“Asian American is not a monolithic group,” Lee said. “There are many subgroups, ethnic groups, in this category. So treating Asian Americans as a group is very misleading.”

He sees no point in broadly rejecting positive action in the broader debate about improving educational outcomes.

Lee quotes the year 2003 Grutter v. Bollinger Supreme Court case that upheld affirmative action in Michigan Law School admissions after finding race-sensitive admissions under a holistic admissions process were not unconstitutional – similar to processes used by UNC and Harvard.

The court also ruled that racial awareness ultimately served a “compelling interest” for the university and its students by enhancing diversity.

“Improving the diversity of the student body will not only benefit black minority students, but white students as well,” Lee said. “Ultimately, working in similarly diverse environments after graduation helps students prepare.”

Lee hopes the Supreme Court will make similar considerations nearly two decades after the landmark case, and urges students and parents to remain optimistic.

“I definitely hope that given the seriousness of racial inequalities and disparities, the Supreme Court decides to continue supporting affirmative action policies,” Lee said. “But even if not, colleges and universities will certainly find ways to maintain and even improve diversity. There are other types of related factors that you can always look at as a proxy indicator of that.”

For example, parental income and educational history could serve as effective criteria for universities to fill gaps in access to equal opportunities for disadvantaged or underrepresented communities. Funding US schools through local property taxes, for example, provides more funding to schools in more affluent neighborhoods, a system Lee describes as “highly unequal.”

“A lot of the inequalities come from where the students just live,” Lee said. “This zip code determines the quality of their learning opportunities, which is totally unacceptable.”

Lee says COVID-19 and distance learning have exacerbated inequality between low-income and high-income communities as high-income students have had better access to technology, teachers and parental support.

Lee believes that abolishing affirmative action policies would only be justified if racial differences were addressed head-on.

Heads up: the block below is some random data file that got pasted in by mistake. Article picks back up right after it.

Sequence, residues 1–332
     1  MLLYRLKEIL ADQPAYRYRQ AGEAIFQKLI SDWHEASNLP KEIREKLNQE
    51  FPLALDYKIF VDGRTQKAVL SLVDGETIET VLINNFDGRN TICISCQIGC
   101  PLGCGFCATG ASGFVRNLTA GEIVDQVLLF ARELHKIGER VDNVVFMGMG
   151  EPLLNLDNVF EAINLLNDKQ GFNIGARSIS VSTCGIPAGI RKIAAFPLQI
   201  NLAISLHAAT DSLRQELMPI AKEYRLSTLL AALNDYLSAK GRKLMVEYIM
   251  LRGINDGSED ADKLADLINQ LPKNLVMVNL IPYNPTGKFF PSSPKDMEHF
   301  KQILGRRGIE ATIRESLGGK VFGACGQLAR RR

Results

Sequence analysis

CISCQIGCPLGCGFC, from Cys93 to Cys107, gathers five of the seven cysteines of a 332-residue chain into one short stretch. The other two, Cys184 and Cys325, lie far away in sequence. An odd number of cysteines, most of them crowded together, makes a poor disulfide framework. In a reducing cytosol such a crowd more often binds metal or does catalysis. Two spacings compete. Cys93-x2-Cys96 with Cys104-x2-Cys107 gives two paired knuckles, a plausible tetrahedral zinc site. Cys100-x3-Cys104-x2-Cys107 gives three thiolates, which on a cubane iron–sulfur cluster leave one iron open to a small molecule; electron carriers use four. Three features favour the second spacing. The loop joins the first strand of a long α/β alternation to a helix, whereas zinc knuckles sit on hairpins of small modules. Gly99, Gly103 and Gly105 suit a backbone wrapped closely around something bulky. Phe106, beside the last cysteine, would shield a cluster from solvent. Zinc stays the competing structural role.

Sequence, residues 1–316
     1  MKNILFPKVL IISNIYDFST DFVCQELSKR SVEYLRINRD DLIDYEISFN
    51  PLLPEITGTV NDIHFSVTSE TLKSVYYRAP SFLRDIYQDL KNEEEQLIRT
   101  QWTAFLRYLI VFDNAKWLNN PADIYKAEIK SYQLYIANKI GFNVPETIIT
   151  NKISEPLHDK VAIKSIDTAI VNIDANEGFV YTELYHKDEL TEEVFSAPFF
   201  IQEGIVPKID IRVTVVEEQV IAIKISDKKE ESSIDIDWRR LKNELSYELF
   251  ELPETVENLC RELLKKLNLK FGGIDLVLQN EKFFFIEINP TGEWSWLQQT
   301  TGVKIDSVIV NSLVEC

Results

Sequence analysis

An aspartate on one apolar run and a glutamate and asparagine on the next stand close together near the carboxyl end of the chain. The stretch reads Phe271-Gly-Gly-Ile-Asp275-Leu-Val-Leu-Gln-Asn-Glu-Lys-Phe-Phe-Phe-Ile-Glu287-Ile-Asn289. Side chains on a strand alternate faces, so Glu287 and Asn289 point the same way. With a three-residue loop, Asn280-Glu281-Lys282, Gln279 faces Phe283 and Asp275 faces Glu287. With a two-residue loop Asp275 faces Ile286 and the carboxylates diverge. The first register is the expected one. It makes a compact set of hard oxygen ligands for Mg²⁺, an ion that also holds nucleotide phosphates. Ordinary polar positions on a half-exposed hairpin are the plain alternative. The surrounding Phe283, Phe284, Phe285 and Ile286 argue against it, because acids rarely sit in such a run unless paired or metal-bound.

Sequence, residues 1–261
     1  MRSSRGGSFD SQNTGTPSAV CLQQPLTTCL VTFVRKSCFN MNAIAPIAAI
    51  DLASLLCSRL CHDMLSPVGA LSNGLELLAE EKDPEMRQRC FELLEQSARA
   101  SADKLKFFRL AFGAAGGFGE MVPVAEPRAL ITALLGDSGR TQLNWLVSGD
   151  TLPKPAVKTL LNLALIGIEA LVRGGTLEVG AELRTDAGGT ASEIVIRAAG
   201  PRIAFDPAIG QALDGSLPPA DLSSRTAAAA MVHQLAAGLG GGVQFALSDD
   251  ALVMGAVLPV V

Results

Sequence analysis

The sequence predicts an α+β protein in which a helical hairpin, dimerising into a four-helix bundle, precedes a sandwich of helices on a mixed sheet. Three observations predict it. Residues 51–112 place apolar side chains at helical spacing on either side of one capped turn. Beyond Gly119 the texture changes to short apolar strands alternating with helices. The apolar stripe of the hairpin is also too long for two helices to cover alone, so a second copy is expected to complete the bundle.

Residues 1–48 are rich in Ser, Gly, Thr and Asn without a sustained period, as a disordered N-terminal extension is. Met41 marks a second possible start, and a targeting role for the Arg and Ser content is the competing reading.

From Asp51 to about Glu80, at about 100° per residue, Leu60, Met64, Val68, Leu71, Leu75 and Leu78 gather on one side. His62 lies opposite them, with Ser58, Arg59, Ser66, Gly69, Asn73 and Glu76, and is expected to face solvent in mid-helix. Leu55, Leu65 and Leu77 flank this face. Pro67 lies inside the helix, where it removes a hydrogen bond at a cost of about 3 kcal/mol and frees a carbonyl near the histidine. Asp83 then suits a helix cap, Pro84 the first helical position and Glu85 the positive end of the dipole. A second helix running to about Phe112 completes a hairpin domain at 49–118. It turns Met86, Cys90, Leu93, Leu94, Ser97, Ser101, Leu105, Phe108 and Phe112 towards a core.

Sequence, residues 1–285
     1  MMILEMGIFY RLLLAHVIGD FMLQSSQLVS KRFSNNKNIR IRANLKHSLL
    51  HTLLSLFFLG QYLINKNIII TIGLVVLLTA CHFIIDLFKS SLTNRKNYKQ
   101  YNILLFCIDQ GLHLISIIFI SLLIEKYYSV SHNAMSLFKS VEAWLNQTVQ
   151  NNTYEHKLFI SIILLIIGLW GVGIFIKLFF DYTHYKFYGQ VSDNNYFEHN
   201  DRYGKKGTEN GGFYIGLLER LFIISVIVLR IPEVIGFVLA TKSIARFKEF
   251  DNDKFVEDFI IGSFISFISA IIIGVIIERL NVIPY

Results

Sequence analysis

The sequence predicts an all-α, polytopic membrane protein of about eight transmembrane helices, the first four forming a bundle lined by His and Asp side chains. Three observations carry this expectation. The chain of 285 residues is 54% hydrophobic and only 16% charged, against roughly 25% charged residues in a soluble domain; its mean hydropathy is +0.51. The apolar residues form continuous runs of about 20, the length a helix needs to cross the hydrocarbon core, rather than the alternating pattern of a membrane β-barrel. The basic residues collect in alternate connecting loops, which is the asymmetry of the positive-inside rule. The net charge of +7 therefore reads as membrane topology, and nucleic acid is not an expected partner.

“I see positive action policies as a kind of temporary patch to fix the system of racial inequalities and achievement gaps,” Lee said. “Ideally, we would fix this problem early on with better preschool programs and better K-12 education programs for disadvantaged minority students so that by the time they enter college, there will be no performance differences and no inequalities.”

Moore hopes the university will play a more direct role in the coming months, whether that’s promoting diversity or fighting hate on campus.

She says a sense of dread burns fresh in the memories of black students at UB in last year’s episodes Allen West controversies and the racially motivated mass shooting at an East Side Tops during the spring semester.

“I cried that night. I cried so much because I felt like our voices weren’t being heard and I felt like the university didn’t understand where we were coming from,” Moore said. “I understand that racism is not a dry matter. Everyone has the right to their opinion. But at the end of the day, Affirmative Action was created to fight racism. Although we want a world without racism, a world where we don’t recognize racism, where we say racism is wrong, is a figment of our imaginations.”

Moore believes affirmative action and fostering a diverse student body are important buffers against racial hatred and violence.

“Failing to engage in conversations with people from different backgrounds can leave you deadened to others,” Moore said. “Learning about other people, the struggles they’ve been through, why they are the way they are, helps you be empathetic and understanding about their situations. And without diversity, you won’t get that.”

Kyle Nguyen is Senior News/Feature Editor and can be reached at kyle.nguyen@ubspectrum.com


KYLE NGUYEN

Kyle Nguyen is Senior News/Features Editor at The Spectrum.